Thank you for visiting my blog today. Originally it was started in 2006 as a way to chronicle our overseas adventure, but it has turned into a place where I share my heart after my husband's untimely death at the age of 40. You can read more about his brief, but fierce battle with a rare cancer on his caring bridge site: http://www.caringbridge.org/visit/rob_murphy.
We have LOVED homeschooling for the past seven years. The kids didn't want to stop, and I certainly did not want to send them to school. The last semester of the past year, however, showed us that it was too hard to keep the kids home AND keep up with the demanding schedule of Rob's illness. After the new development of the brain metatheses we were faced with deciding to return to the states for Rob to seek treatment or to stay here in Germany to continue with the docotrs in Homburg. The kids starting school was one of our major bullets in the "stay in Germany" column. It wasn't easy to get all the paperwork together and line up all the appointments, but we have a decicated team of helpers that saw to it all the i's were dotted and t's crossed. Even more heartwrenching was the thought of actually sending them. Growing up I didn't have very good experiences in schools, in fact I was very bullied. I didn't chose to homeschool because of the abuse I suffered, but it certainly crossed my mind several timeswhen thinking about my kids walking into classrooms and using a school locker room. We've always trusted God with our decision to homeschool and He has blessed us tremendously, but letting go of that control and trusting God with my kids GONE for 8 hours a day....... well, that took some serious prayer time.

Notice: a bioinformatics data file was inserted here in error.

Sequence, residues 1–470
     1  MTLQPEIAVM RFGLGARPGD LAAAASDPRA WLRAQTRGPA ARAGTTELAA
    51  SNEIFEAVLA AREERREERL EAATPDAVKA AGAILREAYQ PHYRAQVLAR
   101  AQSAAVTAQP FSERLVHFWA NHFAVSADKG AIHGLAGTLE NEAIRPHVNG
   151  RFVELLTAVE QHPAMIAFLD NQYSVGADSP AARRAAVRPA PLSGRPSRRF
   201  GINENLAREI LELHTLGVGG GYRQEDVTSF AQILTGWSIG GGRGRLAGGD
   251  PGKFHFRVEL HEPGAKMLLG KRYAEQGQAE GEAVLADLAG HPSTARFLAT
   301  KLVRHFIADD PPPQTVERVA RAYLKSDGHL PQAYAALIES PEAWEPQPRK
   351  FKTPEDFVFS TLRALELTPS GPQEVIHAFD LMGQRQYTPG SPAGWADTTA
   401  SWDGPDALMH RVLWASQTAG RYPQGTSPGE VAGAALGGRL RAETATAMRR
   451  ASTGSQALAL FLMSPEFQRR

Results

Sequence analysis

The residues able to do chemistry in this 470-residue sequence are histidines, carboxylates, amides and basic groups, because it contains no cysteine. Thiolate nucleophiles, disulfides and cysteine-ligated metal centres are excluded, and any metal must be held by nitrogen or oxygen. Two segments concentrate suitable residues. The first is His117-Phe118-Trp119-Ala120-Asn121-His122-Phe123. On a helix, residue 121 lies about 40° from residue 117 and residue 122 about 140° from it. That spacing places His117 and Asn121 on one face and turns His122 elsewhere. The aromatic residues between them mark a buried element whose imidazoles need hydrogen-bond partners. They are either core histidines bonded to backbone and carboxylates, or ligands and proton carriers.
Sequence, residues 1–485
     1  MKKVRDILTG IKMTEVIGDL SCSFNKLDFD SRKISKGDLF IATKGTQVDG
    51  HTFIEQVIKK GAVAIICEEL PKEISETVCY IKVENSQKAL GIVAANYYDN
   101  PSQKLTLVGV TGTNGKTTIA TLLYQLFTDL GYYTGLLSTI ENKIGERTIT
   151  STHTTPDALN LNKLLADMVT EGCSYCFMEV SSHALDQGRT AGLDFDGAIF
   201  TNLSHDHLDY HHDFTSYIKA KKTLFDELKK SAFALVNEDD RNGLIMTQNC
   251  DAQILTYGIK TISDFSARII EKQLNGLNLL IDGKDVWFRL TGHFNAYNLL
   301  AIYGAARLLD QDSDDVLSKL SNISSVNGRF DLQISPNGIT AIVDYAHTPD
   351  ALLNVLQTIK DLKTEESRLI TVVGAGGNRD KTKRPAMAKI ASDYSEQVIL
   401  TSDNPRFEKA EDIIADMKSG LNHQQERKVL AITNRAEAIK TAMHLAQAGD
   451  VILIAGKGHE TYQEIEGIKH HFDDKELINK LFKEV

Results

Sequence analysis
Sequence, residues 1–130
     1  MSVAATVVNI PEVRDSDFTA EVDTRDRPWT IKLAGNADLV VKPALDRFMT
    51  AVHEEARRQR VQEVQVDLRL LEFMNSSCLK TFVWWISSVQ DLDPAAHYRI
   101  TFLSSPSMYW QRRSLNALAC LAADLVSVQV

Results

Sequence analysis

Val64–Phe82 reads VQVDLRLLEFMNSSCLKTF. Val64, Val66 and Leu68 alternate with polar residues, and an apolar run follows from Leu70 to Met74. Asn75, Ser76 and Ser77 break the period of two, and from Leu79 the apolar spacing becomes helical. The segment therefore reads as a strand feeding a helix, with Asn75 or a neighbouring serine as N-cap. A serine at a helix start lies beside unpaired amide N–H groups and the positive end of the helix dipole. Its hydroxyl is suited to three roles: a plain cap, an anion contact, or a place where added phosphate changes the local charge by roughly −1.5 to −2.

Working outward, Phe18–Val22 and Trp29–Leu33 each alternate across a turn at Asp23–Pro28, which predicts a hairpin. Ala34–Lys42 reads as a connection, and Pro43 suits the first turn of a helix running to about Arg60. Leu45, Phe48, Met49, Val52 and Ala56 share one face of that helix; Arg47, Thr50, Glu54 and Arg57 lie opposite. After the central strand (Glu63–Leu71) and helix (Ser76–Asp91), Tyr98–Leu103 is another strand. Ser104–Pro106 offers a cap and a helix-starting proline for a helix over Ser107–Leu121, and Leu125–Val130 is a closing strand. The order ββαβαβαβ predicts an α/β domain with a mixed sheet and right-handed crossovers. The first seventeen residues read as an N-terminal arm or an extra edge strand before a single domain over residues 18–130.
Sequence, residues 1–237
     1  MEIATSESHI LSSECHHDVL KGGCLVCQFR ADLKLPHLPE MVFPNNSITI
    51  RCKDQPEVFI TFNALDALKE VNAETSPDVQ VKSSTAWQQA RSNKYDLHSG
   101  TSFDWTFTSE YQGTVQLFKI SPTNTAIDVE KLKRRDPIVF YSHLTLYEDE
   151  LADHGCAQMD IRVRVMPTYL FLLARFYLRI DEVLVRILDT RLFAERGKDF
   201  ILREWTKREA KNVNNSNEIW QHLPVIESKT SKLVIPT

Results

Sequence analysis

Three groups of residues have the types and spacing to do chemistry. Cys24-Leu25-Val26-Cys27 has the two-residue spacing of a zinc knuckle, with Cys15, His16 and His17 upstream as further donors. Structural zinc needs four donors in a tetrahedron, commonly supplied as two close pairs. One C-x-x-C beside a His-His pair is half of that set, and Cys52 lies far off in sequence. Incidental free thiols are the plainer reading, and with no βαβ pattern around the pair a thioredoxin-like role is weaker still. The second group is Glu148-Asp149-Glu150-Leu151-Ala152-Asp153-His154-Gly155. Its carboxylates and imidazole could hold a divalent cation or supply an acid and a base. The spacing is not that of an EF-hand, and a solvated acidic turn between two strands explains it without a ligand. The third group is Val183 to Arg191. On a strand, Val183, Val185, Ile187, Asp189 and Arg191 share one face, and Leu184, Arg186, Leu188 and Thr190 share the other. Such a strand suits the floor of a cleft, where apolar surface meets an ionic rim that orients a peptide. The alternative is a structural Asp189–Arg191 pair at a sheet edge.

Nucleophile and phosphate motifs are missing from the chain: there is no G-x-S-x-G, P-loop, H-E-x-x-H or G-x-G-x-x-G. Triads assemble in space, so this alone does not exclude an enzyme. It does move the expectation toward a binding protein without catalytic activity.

I'm thankful for the incredible support we received in sending the kids to school. From the Mom's who helped me turn in paperwork, set up appointments, write up transcripts, shop for school supplies, to the kind hearted person who had to go pick up a forgotten back-pack and deliver it to the school office for me.... The kids started smoothly - I dropped them off, stayed ON BASE, and picked them up the first day where they were full of stories, smiles, and anticipation. The next day they rode the bus, which Micah quickly decided was going to be his favorite part of 4th grade.
The easeof their transition, the level of comfort they had in attending school here, because they know a few kids, they know the area, they still have their home and neighborhood, made us realize that choosing to stay here in Germany was the absolute right thing to do. Look at Micah's smile as he sits on the bus and you cannot help but agree!
Rob's Dad and Elaine (the grandparents Murphy) came to spend a couple weeks with us. The visit was quiet, mostly spent at home. LOTS and LOTS of games were played (the kids even talked Grandma into learning Kuh Handle and Carcassone). Bob did lots of fix-it jobs around the house from the computers, to Rob's guitar, to yard-work. Elaine helped do lots of mending, cooking and cleaning.Here are some random pictures from over the last two weeks.
Bob settled right in (even in the cluttered mess that is my desk) helping us fix our computer and gets some things done that Rob has been wanting.
Grandma sharing some of her favorite recipes.
We, of course, had to share some of our favorite recipes, too - which mostly include things cooked on the grill, including S'mores.
our friend, Israel, who we've made an honorary Murphy. My kids just adore him.
Sarah and Hannah, who wanted to tie-dye since it was the last week of summer vacation. I think most of the dye ended up on their hands, feet, faces, legs, etc....
Bob was able to help Rob complete a project on Rob's guitar, that the vision problems have prevented Rob from being able to do. It was fun having Bob be Rob's eyes. I love this picture because they're genuinely laughing (mostly at me, but who cares).
Before church on Sunday I realized we hadn't taken any good pictures of everyone all together..... but it was raining. The kids were able to put on their brave faces and withstand the rain.......